Ballet Russe de Monte Carlo
Diaghilev's Ballets Russes was the premier ballet company of Europe from 1909 to 1929. When most people hear the name Ballet Russe they think of one ballet company. In fact, Diaghilev's Ballets Russes fostered the creation of many other companies. Most of these companies went by the name Ballet Russe, in one form or another.
The Russian Revolution caused Diaghilev to start picking up dancers where he could. Ruth Page, an American, joined the company in 1925. Many English and French dancers also were members in the final years such as : Alicia Marks (renamed Alicia Markova), Anton Dolin, Margaret Craske, Marie Rambert, Ninette de Valois and many others. Serge Lifar, a Russian, whom we associate with the Paris Opera Ballet, was one of the last male stars of the Ballets Russes de Sergei Diaghilev. Many of his dancers continued with other companies throughout the world.
Many of Diaghilev's dancers left to start their own companies. Diaghilev hated competition and didn't want to divide the audience. He felt that the defectors were traitors, especially when they presented ballet from his repertoire. (At this time there were no copyright laws protecting choreography. One reason for this was the lack of an efficient, universally accepted system of dance notation).
The most famous defector was Anna Pavlova who, after her performances with Diaghilev in 1909, engaged some of Ballets Russes' dancers for her own company, although she, Adolph Bolm, and Nicholas Legat had performed many times outside of Russia before dancing with Diaghilev. While still members of the Maryinsky and Bolshoi, Pavlova and Mikhail Mordkin (who many years later helped found Ballet Theatre) appeared in 1910 at New York City's Metropolitan Opera. By 1913 Pavlova had left Russia forever. She traveled the world with her company until her death in 1931.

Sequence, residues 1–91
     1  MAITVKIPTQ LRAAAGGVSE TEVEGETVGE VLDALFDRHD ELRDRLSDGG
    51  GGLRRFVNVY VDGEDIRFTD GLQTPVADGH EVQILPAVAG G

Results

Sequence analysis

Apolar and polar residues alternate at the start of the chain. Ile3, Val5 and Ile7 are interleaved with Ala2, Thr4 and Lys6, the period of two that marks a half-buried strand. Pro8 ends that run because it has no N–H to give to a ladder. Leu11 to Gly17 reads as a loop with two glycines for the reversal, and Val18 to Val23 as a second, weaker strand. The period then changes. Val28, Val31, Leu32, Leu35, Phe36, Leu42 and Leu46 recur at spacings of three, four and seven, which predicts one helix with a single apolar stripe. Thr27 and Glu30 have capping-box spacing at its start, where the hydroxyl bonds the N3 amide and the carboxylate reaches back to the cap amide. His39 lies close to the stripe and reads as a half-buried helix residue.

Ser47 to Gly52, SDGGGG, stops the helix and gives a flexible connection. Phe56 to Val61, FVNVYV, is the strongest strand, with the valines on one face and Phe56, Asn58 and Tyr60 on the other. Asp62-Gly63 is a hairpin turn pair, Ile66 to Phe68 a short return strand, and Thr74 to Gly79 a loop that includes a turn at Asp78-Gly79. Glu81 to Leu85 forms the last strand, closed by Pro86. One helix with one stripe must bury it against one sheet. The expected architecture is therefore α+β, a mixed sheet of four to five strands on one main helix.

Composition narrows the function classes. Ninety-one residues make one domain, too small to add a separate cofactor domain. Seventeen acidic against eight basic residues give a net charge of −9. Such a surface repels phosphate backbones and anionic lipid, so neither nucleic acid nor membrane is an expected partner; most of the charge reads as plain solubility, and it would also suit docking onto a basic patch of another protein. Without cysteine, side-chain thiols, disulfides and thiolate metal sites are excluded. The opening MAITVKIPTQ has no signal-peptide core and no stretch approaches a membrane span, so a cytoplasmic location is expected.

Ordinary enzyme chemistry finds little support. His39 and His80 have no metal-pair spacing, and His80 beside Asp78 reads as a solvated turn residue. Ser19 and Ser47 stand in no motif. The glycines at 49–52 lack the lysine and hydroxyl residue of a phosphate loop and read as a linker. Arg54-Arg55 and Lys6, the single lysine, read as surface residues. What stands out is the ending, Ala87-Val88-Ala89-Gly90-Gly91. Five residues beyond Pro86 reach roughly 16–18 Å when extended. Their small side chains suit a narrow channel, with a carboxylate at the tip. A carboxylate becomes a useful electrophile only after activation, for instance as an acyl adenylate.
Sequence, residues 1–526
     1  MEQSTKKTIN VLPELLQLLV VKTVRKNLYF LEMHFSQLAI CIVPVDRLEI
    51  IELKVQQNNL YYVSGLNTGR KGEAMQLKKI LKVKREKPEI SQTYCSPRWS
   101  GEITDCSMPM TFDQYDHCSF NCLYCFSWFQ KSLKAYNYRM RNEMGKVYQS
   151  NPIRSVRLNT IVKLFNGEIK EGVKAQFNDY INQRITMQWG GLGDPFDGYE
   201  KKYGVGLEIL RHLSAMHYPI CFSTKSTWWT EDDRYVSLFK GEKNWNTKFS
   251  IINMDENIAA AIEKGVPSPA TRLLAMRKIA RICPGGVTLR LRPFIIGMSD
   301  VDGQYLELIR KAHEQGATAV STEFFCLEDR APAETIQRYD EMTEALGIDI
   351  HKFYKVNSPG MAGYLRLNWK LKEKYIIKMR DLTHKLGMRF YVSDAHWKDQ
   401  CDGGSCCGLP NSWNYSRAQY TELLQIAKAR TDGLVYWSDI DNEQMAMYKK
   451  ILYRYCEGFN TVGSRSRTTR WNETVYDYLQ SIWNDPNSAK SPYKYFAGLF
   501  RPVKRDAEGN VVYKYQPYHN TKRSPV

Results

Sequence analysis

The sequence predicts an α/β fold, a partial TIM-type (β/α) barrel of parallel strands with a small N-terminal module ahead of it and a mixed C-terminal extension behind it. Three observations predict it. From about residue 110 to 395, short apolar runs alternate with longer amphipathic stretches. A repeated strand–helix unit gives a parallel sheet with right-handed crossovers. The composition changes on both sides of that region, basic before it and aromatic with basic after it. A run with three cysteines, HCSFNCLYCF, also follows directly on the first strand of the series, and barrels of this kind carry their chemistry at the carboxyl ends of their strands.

Another deserter, Ida Rubinstein, a very wealthy and beautiful amateur, danced for Diaghilev in the title role in Fokine's Cleopatra. She also danced the leading role of Zobeide in his Scheherazade. She had no qualms about employing many of the great choreographers from Diaghilev's company, such as Bronislava Nijinska, Mikhail Fokine and Leonide Massine. Rubinstein retired in 1935 and gave all her commissioned works to the Paris Opera.
Mikhail Mordkin left Pavlova's company to form his All-Star Imperial Russian Ballet. He also used dancers from the Ballets Russes. Mordkin toured America from 1911 to 1912, and in 1926 the Mikhail Mordkin Ballet. In 1939 he was one of the founders, together with Lucia Chase and Richard Pleasant, of Ballet Theatre -- now known to us as American Ballet Theatre.
Adolph Bolm, another Diaghilev dancer organized Ballet Intime which toured America from 1918 to 1920. He was the creative force behind the Chicago Opera Ballet, and in 1933, he founded the San Francisco Opera Ballet. Ballet Theatre called upon Bolm to choreograph ballets for their earliest season.
Leonide Massine also left Diaghilev to dance with some of his many colleagues, and also danced and created choreography for the famous Roxy Theatre in New York City from 1927 to 1930.
Vera Nemtchinova and Anton Dolin started their own ballet company in 1927, together with Anatole Oboukhoff, who was Nemtchinova's husband. It is no wonder that Diaghilev felt hurt, for it was his efforts that had brought all these dancers to the West.
The Ballets Russes remained the major ballet company in the Western World until Diaghilev's death in 1929. Because these other companies existed there were places for many of the dancers to find work after the demise of the Ballets Russes. Many of the dancers chose not to return to Russia because the Revolution left many of them without a home.